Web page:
Augmented Reality in Corvey World Heritage

The architecture as well as the impressive wall paintings and stucco figures play a central role. “In order to make this visualization of the historic condition of the former monastery building possible, many individual steps were necessary”, reports Annika Pröbe on the successful cooperation with the expert team of the Fraunhofer Institute. In real “puzzle work” with countless high-resolution digitization processes, an app has been created over the past three years that virtually resurrects the historic Johannischor and makes it possible to experience it directly on site. And those who join the multimedia tours now will receive exciting and moving insights into a great past.

Intense play of colors

With the help of the used tablets, perspective and decoration that previously could only be described during guided tours can be made visible in the Johannischor. “This is a didactic development with a special aha effect,” says Annika Pröbe, delighted with the response in the so-called test. Anyone who passes a tablet on the walls of the gallery church, which seems so simple today, will be amazed at the unusual coloring of the reconstruction.

A veritable fireworks display of green, red, blue, orange and yellow awaits Corvey’s guests. No wonder, since the builders of Corvey in the 9th century consciously oriented themselves towards ancient models – because the statues, temples and triumphal arches of the Greeks and Romans, which today’s viewer encounters so white as marble, were originally intensely colored and decorated with elaborate ornaments.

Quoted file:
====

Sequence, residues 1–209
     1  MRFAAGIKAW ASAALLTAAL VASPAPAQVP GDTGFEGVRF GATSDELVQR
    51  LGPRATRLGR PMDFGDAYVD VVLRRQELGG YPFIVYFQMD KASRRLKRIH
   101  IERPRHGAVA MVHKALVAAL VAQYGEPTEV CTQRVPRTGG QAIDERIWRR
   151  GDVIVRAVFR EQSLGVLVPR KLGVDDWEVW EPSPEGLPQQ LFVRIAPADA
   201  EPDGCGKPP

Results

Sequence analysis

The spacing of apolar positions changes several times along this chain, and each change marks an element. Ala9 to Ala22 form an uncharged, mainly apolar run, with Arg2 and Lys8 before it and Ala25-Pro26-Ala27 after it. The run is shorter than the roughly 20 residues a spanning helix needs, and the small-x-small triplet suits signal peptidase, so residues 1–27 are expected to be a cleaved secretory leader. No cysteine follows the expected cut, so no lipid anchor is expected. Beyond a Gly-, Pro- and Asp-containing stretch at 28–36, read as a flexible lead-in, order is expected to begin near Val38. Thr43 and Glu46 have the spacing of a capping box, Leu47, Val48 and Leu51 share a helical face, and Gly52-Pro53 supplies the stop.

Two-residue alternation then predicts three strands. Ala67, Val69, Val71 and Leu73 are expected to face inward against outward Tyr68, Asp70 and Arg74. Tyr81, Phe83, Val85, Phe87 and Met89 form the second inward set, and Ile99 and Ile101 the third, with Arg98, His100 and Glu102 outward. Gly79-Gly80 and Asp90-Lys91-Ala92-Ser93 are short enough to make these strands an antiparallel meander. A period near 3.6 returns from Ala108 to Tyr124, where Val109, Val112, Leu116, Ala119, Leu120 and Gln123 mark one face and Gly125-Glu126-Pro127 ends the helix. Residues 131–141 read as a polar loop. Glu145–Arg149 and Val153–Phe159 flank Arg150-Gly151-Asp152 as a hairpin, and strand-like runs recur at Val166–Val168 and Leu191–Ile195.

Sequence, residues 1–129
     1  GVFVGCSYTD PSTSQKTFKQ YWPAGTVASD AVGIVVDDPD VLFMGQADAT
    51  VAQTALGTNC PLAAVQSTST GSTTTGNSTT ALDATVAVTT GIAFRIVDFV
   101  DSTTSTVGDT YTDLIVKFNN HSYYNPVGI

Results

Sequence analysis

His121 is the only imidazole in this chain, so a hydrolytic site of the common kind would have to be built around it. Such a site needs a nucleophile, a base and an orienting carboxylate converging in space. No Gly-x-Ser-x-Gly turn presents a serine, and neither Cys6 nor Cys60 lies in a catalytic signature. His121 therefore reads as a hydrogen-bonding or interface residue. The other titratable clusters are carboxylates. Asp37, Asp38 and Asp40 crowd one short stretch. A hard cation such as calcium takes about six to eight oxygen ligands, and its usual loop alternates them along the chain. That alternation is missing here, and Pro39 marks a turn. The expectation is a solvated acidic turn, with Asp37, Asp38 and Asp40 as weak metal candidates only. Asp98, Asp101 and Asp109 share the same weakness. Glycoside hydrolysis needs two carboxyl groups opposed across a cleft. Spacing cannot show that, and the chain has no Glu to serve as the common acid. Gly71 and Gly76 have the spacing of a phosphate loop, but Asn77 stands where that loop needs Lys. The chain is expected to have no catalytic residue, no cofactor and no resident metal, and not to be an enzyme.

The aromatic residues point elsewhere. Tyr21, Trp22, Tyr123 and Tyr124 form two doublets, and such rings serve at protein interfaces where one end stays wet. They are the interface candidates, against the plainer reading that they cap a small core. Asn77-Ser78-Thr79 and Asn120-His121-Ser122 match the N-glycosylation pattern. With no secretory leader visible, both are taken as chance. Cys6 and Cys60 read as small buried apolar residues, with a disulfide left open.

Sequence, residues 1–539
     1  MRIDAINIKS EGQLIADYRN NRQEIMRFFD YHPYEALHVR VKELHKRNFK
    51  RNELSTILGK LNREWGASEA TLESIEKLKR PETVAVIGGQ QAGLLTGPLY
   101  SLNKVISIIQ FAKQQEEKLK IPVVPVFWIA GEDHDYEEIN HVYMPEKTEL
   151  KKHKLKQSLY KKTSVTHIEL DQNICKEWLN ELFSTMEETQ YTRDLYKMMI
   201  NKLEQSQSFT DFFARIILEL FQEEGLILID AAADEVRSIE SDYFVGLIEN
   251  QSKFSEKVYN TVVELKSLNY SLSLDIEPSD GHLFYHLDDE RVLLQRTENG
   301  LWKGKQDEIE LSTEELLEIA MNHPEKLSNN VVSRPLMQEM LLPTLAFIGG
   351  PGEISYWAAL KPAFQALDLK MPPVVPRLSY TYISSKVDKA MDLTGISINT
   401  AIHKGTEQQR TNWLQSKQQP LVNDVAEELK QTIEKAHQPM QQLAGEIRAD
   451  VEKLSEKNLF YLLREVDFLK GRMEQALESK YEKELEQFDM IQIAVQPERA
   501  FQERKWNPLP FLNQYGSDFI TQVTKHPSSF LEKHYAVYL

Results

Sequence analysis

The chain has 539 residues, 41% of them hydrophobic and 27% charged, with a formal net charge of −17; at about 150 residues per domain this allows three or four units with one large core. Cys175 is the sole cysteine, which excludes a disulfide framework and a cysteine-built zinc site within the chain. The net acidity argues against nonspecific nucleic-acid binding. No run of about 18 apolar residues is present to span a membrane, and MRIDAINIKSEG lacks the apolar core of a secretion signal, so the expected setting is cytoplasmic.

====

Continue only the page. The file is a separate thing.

The scene of Odysseus can be traced

Thus, the six ancient life-size stucco figures come to life in the Westwork as 3D replicas – based on sketches by the scientists – in a virtual and extremely colorful way. Remnants of paint on the original fragments made it possible to draw the appropriate conclusions. The richly ornamented arcade arches with their beautifully crafted tendrils are equally impressive. It is also exciting that visitors can “trace” the fragile painting on display directly in front of the famous Odysseus scene below the West Gallery and receive accurate information about the mythological depiction. This “combat of Ulysses against the sea monster Scylla” reflects in an exemplary way the ancient reception of the Carolingians.

Mathew Baynton

"Bacon nerd. Extreme zombie scholar. Hipster-friendly alcohol fanatic. Subtly charming problem solver. Introvert."

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